Monday, December 1, 2008

Monday's MeditationMom's Moment - Impermanence - 12/01/08

Q: Firstly let me say I find a lot of good things in Buddhism. In fact I was tempted to become one at one stage. However there is something which has been bothering me lately.

First let me define devaluation as a defense mechanism to avoid ambiguity. An example would be say if you failed an exam and to avoid self criticism and frustration you came to the fallacious conclusion via compartmentalization that the subject was irrelevant in the real world or the test was unfairly structured. Basically if you can't get something you devalue its worth to avoid frustration etc.

I've noticed that Buddhists tend to do this a lot in regards to pleasures of the flesh. Whats the point in accumulating wealth if its all impermanent. It will only lead to a cycle of craving resulting in more suffering. To people in poor nations who watch the decadence of the Western world on their T.V.'s I can see how from a psychological perspective this could be a useful defense mechanism.

So is it a truth, a defense mechanism or something in between?

MM: No question these teachings can be used as a convenient excuse, or as a "feel better about your lot in life" defense mechanism, and more often than not, are being used for exactly that.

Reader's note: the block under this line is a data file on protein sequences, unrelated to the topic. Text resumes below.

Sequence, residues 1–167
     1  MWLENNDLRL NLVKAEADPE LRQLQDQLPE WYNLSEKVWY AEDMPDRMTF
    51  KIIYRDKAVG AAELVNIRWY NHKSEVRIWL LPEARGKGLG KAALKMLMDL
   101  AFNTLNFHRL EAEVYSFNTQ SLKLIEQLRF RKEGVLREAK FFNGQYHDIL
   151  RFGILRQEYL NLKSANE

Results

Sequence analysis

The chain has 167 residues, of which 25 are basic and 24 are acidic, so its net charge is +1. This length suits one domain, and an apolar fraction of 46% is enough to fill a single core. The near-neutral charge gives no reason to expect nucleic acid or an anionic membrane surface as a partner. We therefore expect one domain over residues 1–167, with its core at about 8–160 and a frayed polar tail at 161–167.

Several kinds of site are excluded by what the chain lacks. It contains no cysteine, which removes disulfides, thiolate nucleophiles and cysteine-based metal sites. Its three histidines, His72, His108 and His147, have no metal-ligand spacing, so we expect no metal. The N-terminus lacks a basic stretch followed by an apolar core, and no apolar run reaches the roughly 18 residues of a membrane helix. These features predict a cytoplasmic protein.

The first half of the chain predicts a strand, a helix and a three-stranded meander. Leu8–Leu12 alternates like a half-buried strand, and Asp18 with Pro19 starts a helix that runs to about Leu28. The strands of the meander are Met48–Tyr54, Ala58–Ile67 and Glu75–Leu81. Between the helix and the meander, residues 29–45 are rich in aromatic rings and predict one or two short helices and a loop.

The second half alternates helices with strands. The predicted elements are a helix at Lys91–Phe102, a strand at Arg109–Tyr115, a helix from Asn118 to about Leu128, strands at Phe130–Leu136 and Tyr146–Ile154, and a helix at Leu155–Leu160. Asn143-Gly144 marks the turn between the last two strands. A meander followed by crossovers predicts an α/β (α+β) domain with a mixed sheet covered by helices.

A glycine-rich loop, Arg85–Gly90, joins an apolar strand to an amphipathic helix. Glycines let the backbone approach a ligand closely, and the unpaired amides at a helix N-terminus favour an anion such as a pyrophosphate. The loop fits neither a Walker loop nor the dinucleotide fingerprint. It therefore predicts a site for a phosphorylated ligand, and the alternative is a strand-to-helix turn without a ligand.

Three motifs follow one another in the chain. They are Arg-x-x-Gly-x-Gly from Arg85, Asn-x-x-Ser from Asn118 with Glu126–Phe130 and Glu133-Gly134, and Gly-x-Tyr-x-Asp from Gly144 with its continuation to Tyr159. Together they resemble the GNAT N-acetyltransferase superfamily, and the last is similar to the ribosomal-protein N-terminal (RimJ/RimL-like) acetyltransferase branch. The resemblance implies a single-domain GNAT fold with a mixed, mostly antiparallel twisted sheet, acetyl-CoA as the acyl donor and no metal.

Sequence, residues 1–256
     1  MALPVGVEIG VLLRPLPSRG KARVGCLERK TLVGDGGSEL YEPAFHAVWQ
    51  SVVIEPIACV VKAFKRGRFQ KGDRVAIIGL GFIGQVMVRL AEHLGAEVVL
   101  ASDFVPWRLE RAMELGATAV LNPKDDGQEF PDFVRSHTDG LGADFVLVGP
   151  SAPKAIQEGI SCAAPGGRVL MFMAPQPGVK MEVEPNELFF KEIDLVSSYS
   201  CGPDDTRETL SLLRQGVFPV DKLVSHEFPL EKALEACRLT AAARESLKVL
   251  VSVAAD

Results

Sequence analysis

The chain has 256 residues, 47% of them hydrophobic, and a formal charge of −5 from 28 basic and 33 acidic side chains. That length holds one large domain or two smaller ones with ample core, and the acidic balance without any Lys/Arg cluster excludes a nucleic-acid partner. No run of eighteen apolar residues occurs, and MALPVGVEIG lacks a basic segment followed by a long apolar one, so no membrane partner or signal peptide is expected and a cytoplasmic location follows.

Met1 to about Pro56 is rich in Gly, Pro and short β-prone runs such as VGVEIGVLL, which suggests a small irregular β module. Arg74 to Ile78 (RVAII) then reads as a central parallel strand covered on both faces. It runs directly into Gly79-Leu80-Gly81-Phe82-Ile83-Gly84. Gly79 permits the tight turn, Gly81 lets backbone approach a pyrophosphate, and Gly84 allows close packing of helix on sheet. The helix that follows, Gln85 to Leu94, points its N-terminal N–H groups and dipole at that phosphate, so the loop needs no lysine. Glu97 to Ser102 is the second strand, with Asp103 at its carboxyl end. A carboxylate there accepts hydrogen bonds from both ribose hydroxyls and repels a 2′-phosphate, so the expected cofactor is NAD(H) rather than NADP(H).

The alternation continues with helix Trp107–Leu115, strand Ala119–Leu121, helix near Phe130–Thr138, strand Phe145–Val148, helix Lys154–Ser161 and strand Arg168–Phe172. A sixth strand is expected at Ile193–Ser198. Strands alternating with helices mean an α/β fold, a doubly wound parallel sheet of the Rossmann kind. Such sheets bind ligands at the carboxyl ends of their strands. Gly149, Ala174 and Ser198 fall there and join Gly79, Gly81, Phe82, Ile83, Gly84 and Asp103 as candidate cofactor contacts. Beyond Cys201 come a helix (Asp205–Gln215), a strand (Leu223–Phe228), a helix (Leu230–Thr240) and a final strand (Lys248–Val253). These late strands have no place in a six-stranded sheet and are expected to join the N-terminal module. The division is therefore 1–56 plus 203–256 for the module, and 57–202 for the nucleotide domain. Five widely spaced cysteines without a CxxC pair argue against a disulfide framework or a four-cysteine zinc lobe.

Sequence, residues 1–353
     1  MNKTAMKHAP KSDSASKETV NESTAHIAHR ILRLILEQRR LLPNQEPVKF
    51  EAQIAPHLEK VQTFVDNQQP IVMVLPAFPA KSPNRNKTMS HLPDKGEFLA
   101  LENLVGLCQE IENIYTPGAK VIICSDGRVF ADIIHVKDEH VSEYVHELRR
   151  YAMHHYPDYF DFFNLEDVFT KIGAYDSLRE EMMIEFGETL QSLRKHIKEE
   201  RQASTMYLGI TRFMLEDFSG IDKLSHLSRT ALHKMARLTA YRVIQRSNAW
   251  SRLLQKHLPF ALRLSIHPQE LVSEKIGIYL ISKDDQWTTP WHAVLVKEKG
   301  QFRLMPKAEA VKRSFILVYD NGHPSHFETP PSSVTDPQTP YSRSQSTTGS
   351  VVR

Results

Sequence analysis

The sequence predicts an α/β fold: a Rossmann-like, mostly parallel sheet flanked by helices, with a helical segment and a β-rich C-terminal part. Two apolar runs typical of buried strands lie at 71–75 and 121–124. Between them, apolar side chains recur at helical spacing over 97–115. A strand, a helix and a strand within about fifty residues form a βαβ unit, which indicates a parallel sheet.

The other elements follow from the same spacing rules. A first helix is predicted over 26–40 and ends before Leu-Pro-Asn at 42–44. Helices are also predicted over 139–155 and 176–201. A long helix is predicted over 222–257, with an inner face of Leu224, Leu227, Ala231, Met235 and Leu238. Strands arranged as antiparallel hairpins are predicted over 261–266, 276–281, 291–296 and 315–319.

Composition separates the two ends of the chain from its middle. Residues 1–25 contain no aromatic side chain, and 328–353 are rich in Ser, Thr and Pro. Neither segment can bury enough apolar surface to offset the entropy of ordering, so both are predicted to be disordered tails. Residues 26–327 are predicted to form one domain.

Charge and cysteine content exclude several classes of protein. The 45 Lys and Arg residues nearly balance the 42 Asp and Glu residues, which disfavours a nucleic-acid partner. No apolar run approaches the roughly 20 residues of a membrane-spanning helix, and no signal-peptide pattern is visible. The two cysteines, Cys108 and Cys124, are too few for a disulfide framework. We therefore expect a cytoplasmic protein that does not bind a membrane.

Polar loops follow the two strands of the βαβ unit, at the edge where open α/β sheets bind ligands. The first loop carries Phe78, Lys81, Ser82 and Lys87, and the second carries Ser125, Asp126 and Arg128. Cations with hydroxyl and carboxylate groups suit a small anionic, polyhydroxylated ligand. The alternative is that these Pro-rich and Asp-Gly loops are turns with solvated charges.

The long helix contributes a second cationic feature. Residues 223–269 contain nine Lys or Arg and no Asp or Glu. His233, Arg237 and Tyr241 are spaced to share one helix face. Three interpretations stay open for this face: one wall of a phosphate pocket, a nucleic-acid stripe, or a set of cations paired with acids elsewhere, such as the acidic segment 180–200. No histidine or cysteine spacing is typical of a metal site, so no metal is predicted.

That does not take away from the truth, though, that all wealth and pleasures of the flesh aka wives, husbands, children, knowledge, status, money, etc, are impermanent. Even our own body is impermanent.

What that means is that all things are therefore infinitely meaningless and infinitely precious - in this very moment in which they exist. Wealthy - poor - sitting in the dirt - in your own blood - on a golden thrown - or in a Ferrari - if you miss the moment, you simply miss. If you don't miss, you discover what Buddhism is trying to teach - the true end of suffering instead of a clever way to avoid suffering.

You bring up a good point, too. "Defense mechanism to avoid ambiguity" - the whole goal of Buddhism is a serene "don't know" attitude after a long dismantling of knowing. You'll have to forgive those in Buddhism who are still learning to unlearn to reach full ambiguity.

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